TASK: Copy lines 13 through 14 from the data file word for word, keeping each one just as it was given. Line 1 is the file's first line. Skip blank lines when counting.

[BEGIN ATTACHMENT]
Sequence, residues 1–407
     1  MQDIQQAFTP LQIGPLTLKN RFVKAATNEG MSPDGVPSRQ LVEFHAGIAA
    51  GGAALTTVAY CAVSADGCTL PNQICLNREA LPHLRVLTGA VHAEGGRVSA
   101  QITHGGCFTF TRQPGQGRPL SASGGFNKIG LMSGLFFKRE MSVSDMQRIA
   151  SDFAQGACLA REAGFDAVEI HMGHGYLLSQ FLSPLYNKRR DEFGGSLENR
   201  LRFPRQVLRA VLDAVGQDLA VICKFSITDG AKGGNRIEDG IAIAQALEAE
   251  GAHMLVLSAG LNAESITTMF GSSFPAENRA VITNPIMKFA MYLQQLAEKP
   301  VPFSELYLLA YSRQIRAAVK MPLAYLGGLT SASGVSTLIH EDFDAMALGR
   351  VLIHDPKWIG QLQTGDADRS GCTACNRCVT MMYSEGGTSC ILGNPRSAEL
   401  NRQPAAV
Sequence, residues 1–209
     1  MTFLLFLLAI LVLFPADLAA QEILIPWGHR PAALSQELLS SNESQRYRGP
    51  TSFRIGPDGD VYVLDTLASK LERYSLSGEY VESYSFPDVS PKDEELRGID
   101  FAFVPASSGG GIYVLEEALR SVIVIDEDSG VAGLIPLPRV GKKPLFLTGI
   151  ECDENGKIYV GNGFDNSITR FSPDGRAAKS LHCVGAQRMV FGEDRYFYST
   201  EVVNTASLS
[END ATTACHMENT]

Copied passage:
    51  TSFRIGPDGD VYVLDTLASK LERYSLSGEY VESYSFPDVS PKDEELRGID
   101  FAFVPASSGG GIYVLEEALR SVIVIDEDSG VAGLIPLPRV GKKPLFLTGI